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I'm working on a compiler using System.Reflection.Emit, and I'm getting JIT limitation errors I can't figure out. The problem occurs in my implementation of function handles. I.e. generating the code for

function foo() { }
f = foo;
f();

Due to specifications beyond my control, the language is dynamically typed, so I can't know how many arguments f will expect at compile time. To counter this, rather than emitting a Ldftn for foo, I generate a new method, λfoo, that takes an array of the arguments given in the call expression and pushes them onto the eval stack for foo. Is that allowed in the CLR?

What I get right now is a "JIT has encountered an internal limitation" exception (or "CLR has detected an invalid program" if I save the assembly and run it instead of calling it from memory) with a stack trace showing it happens in λfoo. This is the IL I'm generating.

.method private instance class [MylibInterop]MylibInterop.MylibValue 
        'λfoo'(class [MylibInterop]MylibInterop.MylibValue[] A_1) cil managed
{
  // Code size       90 (0x5a)
  .maxstack  10
  .locals init (int32 V_0,
           int32 V_1)
  IL_0000:  ldarg.1
  IL_0001:  call       instance int32 [mscorlib]System.Array::get_Length()
  IL_0006:  stloc.0
  IL_0007:  ldloc.0
  IL_0008:  ldc.i4     0x0
  IL_000d:  ble        IL_001d
  IL_0012:  ldstr      "Too many arguments to lambda call"
  IL_0017:  newobj     instance void [mscorlib]System.Exception::.ctor(string)
  IL_001c:  throw
  IL_001d:  ldarg.0
  IL_001e:  ldc.i4.0
  IL_001f:  stloc.1
  IL_0020:  ldloc.0
  IL_0021:  newobj     instance void [MylibInterop]MylibInterop.MylibValue::.ctor(int32)
  IL_0026:  ldloc.1
  IL_0027:  ldloc.0
  IL_0028:  bge        IL_003d
  IL_002d:  ldarg.1
  IL_002e:  ldloc.1
  IL_002f:  ldelem     [MylibInterop]MylibInterop.MylibValue
  IL_0034:  ldloc.1
  IL_0035:  ldc.i4.1
  IL_0036:  add
  IL_0037:  stloc.1
  IL_0038:  br         IL_0026
  IL_003d:  ldloc.0
  IL_003e:  stloc.1
  IL_003f:  ldloc.1
  IL_0040:  ldc.i4     0x0
  IL_0045:  bge        IL_0054
  IL_004a:  ldnull
  IL_004b:  ldloc.1
  IL_004c:  ldc.i4.1
  IL_004d:  add
  IL_004e:  stloc.1
  IL_004f:  br         IL_003f
  IL_0054:  call       instance class [MylibInterop]MylibInterop.MylibValue debug.Program::foo(class [MylibInterop]MylibInterop.MylibValue)
  IL_0059:  ret
} // end of method Program::'λfoo'
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6  
Save the file to disk, and run PEVerify. That will quickly tell you the error ;p –  leppie Feb 4 '13 at 16:08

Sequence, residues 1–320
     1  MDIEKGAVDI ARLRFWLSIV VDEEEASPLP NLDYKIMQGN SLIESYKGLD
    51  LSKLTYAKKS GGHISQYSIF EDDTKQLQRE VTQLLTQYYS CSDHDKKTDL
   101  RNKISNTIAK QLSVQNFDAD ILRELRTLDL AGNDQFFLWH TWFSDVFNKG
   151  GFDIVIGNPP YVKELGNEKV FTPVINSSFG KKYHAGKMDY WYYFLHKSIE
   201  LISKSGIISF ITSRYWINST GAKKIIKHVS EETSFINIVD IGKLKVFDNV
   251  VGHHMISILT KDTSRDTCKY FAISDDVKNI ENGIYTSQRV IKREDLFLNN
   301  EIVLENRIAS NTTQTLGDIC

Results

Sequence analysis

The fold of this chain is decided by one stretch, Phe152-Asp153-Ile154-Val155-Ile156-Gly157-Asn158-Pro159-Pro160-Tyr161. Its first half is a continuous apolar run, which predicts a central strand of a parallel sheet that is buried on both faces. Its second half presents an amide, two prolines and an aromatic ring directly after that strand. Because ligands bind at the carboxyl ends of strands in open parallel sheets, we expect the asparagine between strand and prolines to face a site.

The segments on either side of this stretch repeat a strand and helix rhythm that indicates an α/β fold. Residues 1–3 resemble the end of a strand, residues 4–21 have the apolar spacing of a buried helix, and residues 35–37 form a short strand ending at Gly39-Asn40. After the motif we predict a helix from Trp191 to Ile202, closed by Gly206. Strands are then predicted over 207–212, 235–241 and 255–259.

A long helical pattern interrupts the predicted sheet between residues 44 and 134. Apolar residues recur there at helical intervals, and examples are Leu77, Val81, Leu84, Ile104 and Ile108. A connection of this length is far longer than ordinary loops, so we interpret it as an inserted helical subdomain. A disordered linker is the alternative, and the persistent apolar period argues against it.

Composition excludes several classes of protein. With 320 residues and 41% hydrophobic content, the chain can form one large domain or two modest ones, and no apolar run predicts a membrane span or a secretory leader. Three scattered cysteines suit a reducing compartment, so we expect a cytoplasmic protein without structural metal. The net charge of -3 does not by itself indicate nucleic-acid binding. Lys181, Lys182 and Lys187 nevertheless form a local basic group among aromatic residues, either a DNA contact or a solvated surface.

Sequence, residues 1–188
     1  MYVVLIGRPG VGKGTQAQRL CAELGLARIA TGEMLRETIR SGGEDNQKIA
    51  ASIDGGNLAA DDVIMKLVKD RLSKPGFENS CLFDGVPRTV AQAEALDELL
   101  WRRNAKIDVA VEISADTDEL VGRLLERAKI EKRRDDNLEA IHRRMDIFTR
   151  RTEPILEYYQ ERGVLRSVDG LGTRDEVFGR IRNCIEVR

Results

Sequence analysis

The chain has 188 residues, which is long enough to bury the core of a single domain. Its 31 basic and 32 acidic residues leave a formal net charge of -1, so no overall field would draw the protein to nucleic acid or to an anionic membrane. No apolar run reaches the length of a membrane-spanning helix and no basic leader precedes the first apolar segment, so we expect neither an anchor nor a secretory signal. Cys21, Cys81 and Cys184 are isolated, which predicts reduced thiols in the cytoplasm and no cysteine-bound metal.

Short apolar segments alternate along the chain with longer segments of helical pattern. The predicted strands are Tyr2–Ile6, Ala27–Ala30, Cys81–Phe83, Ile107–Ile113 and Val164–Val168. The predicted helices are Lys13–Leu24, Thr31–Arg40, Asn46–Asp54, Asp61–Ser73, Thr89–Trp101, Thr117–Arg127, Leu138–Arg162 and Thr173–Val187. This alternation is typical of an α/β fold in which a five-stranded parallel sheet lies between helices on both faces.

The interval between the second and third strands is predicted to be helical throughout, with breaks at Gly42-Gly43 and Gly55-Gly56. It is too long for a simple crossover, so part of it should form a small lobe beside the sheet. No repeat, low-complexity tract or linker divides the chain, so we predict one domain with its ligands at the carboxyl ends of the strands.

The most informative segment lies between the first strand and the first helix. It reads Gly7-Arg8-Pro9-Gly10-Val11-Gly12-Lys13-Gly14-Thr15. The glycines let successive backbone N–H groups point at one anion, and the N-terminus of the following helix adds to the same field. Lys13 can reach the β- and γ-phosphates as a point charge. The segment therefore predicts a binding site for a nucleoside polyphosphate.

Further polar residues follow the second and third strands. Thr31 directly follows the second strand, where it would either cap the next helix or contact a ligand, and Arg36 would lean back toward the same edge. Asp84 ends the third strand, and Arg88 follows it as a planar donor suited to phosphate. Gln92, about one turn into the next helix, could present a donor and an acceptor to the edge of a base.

@leppie peverify gives me type load failed errors (even without the broken code) though all the non-system assemblies I reference are in the current directory –  cthom06 Feb 4 '13 at 16:13
    
Most errors in PEVerify cannot be ignored. I suggest you fix all of them. ;p You can try ignore 'MD' errors. From a quick peek, it looks like int32 is on the stack when calling at IL_0054 instead of your instance (this) and the MylibValue arg. –  leppie Feb 4 '13 at 16:17
    
@leppie this and the arg are pushed at IL_001D and IL_0021 respectively. I'll look harder at the loop but I didn't think I had left an int on the stack. Google has been no help in fixing the type load failed peverify error, but all code except this methods runs as expected regardless of it. –  cthom06 Feb 4 '13 at 16:24
1  
Yes, the stack needs to be deterministic :( BTW, working code does not always need to be verifiable. Another option is to do things like I did in IronScheme (due to the difficulty emitting it): github.com/leppie/IronScheme/blob/master/IronScheme/… –  leppie Feb 4 '13 at 16:48

1 Answer 1

@leppie got it in the comments: the stack needs to be deterministic; it isn't in the code I was generating (even if I know it's pushing the right number of args). I was able to get around this because the compiler had enough information to unroll the loop (hence the constants in the generated IL) and thus produce a deterministic stack.

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Good solution +1 –  leppie Feb 4 '13 at 17:14

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